Duty calls

Marlborough Express - The Saturday Express, Marlborough - - HERO ANGELA CROMPTON -

Medals dis­played in Zayd Ian Blis­sett’s liv­ing room mark his ser­vice in the Korean War.

The Blen­heim man is shy when asked what he re­ceived for them, just smil­ing and claim­ing to have ‘‘a PHD in cow­ardice’’.

‘‘That’s why I have lived to be 73. I’ve al­ways made sure I had big friends.’’

Mak­ing friends and do­ing what he can for oth­ers has re­sulted in him be­ing one of five Marl­bor­ough peo­ple named this week as Lo­cal He­roes in the Ki­wibank New Zealan­der of the Year Awards 2012.

A press re­lease says he has vol­un­teered for Meals on Wheels, col­lected for Red Cross ap­peals, is a Jus­tice of the Peace and helps im­mi­grants ad­just to life in a new coun­try. ‘‘I’m a white man, a Euro­pean, so I get [mi­grants] . . . ask­ing me,’’ he says.

Mar­ried to Nisha, a Fi­jian In­dian, Zayd Ian is a spokesman for the Blen­heim Mus­lim faith they share, but was bap­tised in the Church of Eng­land.

Ch­ester­field, Der­byshire, was Ian’s home town and his two older broth­ers still live in Eng­land.

‘‘I was the one that left the Em­pire,’’ he says, set­tling down to tell his story.

He de­scribes Ch­ester­field as a small, ru­ral place where he was one of the church choir­boy so­pra­nos from the ear­li­est age he can re­mem­ber. ‘‘While the other boys were play­ing soc­cer, we were singing these ethe­real, beau­ti­ful Latin hymns.’’

He nearly sang at the Queen’s coro­na­tion, he adds, but in the final prac­tice his voice had started to break and an­other boy from the Ch­ester­field choir took his place. ‘‘But I can say I sang with some­one who went to sing at the coro­na­tion!’’

At 20, Zayd Ian left Eng­land to work for an un­cle liv­ing in the United States.

When the young ‘‘hunt ser­vant’’, who minded the horses and hounds at a Der­byshire manor house es­tate, told his ‘‘landed gen­try’’ boss he was leav­ing, the lat­ter wasn’t im­pressed. ‘‘I was part of the es­tate, part of the chapel. [Work­ers shouldn’t] just go off to Amer­ica when [they] want to.’’

And it did feel like a mis­take when he ar­rived in Los An­ge­les, he says. In 1962 the city had no trees but was just a maze of smog, con­crete, and power lines.

Zayd Ian had gained per­ma­nent res­i­dence – ‘‘easy back then be­cause the quota from Eng­land was never full’’ – and soon he was called up to join the army.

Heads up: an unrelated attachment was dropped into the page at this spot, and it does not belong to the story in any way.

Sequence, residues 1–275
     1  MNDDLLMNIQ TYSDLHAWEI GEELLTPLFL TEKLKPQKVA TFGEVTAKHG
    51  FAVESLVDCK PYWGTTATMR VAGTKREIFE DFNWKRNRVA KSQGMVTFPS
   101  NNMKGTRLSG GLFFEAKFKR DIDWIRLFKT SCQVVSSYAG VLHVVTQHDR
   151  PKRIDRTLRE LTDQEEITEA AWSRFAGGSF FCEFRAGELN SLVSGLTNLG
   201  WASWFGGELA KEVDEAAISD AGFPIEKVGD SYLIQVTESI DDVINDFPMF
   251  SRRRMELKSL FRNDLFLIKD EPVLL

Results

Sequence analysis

‘‘I went to the United States as a shy English coun­try boy . . . [be­liev­ing] we Bri­tish were the apex of civil­i­sa­tion. Ev­ery­one else was be­hind us . . . ex­cept the colonies, of course, be­cause they were Bri­tish stock!’’ Army life chal­lenged those views. The 29 other sol­diers in his bat­tal­ion came from Italy, Ger­many, South Amer­ica, China and Ja­pan. ‘‘We all had to work to­gether as a team and look out for each other. I re­alised rapidly that un­der­neath we were all the same.’’

Af­ter three years’ ser­vice, Zayd Ian set­tled in San Fran­cisco where he met his first wife, who talked him into leav­ing the United States and mov­ing to New Zealand.

Welling­ton was their first base, then they opted for a qui­eter life in Blen­heim, where Zayd Ian worked for the next 30 years with the rail­ways.

When news came that five jobs at the Spring Creek de­pot would be lost, the then-61-year-old de­cided younger men with young chil­dren and house mort­gages had a greater need to work. It is the sort of re­sponse one might ex­pect from a lo­cal hero, a ti­tle he is shrink­ing from a bit this week.

Re­li­gious faith dic­tates that af­ter fam­ily, neigh­bours are the most im­por­tant in any­one’s life and Zayd Ian re­gards any­one in Marl­bor­ough a neigh­bour.

‘‘I can’t take care of ev­ery­body’s prob­lem, but there are things I can do and should do.

‘‘That sounds a bit pompous,’’ he adds. ‘‘But it’s not meant to.’’

This is the first in a se­ries about the five Marl­bor­ough res­i­dents named Lo­cal He­roes in the Ki­wibank New Zealan­der of the Year Awards 2012.

Help­ing oth­ers: Photo: AN­GELA CROMP­TON

Lo­cal hero Zayd Ian Blis­sett says he never re­gards the things he does as of­fi­cial ‘‘com­mu­nity work’’.

Newspapers in English

Newspapers from New Zealand

© PressReader. All rights reserved.